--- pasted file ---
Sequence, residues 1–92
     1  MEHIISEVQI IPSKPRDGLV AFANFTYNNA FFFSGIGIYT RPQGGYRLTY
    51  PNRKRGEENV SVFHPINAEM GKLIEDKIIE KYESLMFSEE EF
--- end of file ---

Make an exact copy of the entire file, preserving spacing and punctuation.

Sequence, residues 1–92
     1  MEHIISEVQI IPSKPRDGLV AFANFTYNNA FFFSGIGIYT RPQGGYRLTY
    51  PNRKRGEENV SVFHPINAEM GKLIEDKIIE KYESLMFSEE EF